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When Financial Crises Attacks

11am on a Tuesday


Since 2009, the World Bank has been conducting financial crisis simulation exercises and learning valuable lessons on where institutional vulnerabilities lie. These exercises are intended to test, or simply to practice, the use of existing or proposed legal instruments, interagency and/or cross-border agreements, and other crisis management arrangements. More than 20 exercises in all world regions have been executed so far, focusing either on the interaction among top national authorities (typically between the Ministry of Finance, the Central Bank, the Bank and non-bank Supervisors, and the Deposit Insurance Agency), or on the interaction among bank supervisors of different national jurisdictions dealing with cross-border issues.


What do these financial crisis simulations involve?  Participants  (frequently the Minister of Finance, the Central Bank Governor, the Head of Bank Supervision, and other top national decision makers) receive a stream of (generally bad) news throughout the duration of the exercise, which describes the “scenario” (sequence of challenges) they must deal with the instruments provided by the (real or assumed) legal, regulatory, and operational frameworks. That stream of news contains “public information,” such as newspaper headlines, opinion articles, and  statements from public officials,, which are understood to be simultaneously available both to all participating teams and to the general public. It also contains “private information”,  such as formal or informal messages  from several fictional characters (analysts, bank inspectors, advisors, bankers, journalists, foreign authorities, politicians, etc.). Given the informational asymmetry thus created, participating teams must necessarily find mutually acceptable ways of sharing their respective pieces of information in order to understand the scenario and coordinate their actions.

Exhaustive analysis of the (typically several hundred, mostly written) email messages  that are exchanged  among the participating teams, as well as between them and the fictitious characters, helps us identify aspects of the legal, regulatory, and/or operational frameworks that would benefit from  further work.

While both the still relatively small number of exercises conducted  and the diversity of local conditions make comparisons difficult, it is nonetheless possible to offer some tentative preliminary impressions on how participants have frequently responded to common challenges:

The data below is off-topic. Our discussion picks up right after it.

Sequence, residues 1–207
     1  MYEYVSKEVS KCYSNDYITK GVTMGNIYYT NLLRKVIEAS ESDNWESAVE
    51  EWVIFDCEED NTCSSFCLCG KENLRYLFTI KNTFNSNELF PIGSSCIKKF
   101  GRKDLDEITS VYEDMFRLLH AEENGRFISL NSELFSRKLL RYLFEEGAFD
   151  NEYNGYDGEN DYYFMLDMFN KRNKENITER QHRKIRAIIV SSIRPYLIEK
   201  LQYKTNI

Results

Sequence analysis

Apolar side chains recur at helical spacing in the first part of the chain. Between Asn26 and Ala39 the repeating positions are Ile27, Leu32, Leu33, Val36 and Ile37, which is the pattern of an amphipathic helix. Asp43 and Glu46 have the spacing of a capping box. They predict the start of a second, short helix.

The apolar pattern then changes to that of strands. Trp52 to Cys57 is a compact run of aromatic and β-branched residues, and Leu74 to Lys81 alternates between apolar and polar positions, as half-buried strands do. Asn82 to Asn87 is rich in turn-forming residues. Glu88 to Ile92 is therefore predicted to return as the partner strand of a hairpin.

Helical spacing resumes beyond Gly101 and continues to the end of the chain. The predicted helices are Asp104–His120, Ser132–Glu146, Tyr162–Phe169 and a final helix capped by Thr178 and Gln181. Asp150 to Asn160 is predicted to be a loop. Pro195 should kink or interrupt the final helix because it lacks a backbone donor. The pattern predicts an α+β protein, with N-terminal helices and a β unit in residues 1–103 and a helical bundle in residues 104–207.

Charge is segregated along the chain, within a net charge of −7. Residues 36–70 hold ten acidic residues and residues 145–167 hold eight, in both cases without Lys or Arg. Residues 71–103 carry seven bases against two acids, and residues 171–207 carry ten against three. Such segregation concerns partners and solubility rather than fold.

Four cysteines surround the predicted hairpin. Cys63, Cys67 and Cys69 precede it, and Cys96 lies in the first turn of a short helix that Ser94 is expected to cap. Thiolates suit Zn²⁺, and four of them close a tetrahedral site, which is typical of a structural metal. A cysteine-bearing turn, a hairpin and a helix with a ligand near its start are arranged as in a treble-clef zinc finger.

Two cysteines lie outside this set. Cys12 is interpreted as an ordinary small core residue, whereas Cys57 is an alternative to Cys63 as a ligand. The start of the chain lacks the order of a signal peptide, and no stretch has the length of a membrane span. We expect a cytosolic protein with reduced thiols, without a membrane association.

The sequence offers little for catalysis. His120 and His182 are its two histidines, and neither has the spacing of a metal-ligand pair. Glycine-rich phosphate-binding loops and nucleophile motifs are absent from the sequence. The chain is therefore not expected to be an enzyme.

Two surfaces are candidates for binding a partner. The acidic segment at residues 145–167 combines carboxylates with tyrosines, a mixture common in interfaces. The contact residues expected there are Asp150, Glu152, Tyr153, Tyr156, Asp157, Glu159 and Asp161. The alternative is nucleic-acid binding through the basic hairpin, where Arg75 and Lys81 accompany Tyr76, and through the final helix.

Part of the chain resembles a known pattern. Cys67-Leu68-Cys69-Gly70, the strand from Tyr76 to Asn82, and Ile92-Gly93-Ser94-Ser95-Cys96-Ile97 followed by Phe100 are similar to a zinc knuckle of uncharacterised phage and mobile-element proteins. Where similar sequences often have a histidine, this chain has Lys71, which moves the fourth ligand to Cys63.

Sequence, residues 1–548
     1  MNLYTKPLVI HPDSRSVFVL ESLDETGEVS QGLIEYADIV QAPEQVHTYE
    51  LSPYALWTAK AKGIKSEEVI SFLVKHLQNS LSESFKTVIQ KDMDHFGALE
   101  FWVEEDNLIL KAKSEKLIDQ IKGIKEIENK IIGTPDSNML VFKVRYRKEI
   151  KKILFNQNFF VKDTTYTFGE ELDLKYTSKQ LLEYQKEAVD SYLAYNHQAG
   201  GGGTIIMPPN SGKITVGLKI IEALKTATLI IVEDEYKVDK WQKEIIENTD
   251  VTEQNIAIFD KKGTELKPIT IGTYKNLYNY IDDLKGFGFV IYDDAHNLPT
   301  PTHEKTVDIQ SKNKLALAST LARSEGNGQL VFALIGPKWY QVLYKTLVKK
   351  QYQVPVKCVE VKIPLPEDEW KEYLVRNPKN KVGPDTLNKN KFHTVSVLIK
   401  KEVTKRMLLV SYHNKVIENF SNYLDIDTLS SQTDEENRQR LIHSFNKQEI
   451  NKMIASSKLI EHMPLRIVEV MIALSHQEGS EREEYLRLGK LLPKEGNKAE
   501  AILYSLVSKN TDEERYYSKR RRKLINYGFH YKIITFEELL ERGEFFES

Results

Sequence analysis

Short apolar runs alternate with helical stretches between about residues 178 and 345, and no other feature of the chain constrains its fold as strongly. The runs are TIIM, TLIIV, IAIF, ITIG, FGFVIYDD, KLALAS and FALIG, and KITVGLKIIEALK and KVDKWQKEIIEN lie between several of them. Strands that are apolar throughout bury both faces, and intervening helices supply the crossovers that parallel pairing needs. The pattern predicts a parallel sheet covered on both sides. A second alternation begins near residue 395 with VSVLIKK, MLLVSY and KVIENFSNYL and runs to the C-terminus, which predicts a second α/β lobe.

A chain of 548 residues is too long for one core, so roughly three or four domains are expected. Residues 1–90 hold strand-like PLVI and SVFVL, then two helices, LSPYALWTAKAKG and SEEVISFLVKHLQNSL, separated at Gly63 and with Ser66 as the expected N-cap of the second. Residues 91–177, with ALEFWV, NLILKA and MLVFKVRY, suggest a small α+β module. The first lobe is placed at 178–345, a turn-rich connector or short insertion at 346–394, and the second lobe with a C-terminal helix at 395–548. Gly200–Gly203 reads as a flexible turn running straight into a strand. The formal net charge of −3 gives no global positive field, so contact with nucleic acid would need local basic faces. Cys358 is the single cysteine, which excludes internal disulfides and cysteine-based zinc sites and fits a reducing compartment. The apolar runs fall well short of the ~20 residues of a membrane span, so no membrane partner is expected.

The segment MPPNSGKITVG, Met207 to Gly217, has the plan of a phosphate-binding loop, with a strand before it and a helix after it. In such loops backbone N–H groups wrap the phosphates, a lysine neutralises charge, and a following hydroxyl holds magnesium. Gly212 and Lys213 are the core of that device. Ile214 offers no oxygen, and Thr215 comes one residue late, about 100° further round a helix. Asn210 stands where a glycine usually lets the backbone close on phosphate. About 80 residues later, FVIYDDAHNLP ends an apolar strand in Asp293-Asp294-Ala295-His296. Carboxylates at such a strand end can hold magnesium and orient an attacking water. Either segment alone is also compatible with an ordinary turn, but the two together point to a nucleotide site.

•    The appetite  to undertake corrective actions to address problems identified in an exercise tends to be conditioned by whether they perceive the exercise as their (freely requested) “drill”, or as a (perhaps third-party imposed) “test”.
•    Parent/shareholder capacity/willingness to provide capital and liquidity support in a crisis scenario is frequently overestimated.
•    Voluntarism, ignoring obvious potential conflicts of interest among different authorities, tends to shape most formal coordination/information sharing agreements.
•    Joint analysis of all relevant information is much less common than simple information-sharing.
•    Effectiveness of liquidity assistance mechanisms is frequently limited by a narrow set of eligible collateral and/or  a lengthy decision making process.
•    Coordination of public communications is limited, if not entirely absent, leading to extended periods of silence or, alternatively, mutually contradictory press releases.

Following our simulations, some client countries have requested the Bank’s technical assistance to address the issues identified, and/or requested Bank support to execute new exercises. Mexico has already invested in developing its own capacity by creating a simulations department within the deposit insurance agency (IPAB).
 
While the events since 2008 have naturally focused our attention on decision making in the particular context of financial crises, the same simulations technology can easily be applied to any other situation involving the interaction of several independent decision makers, in any of the many sectors the World Bank work on.

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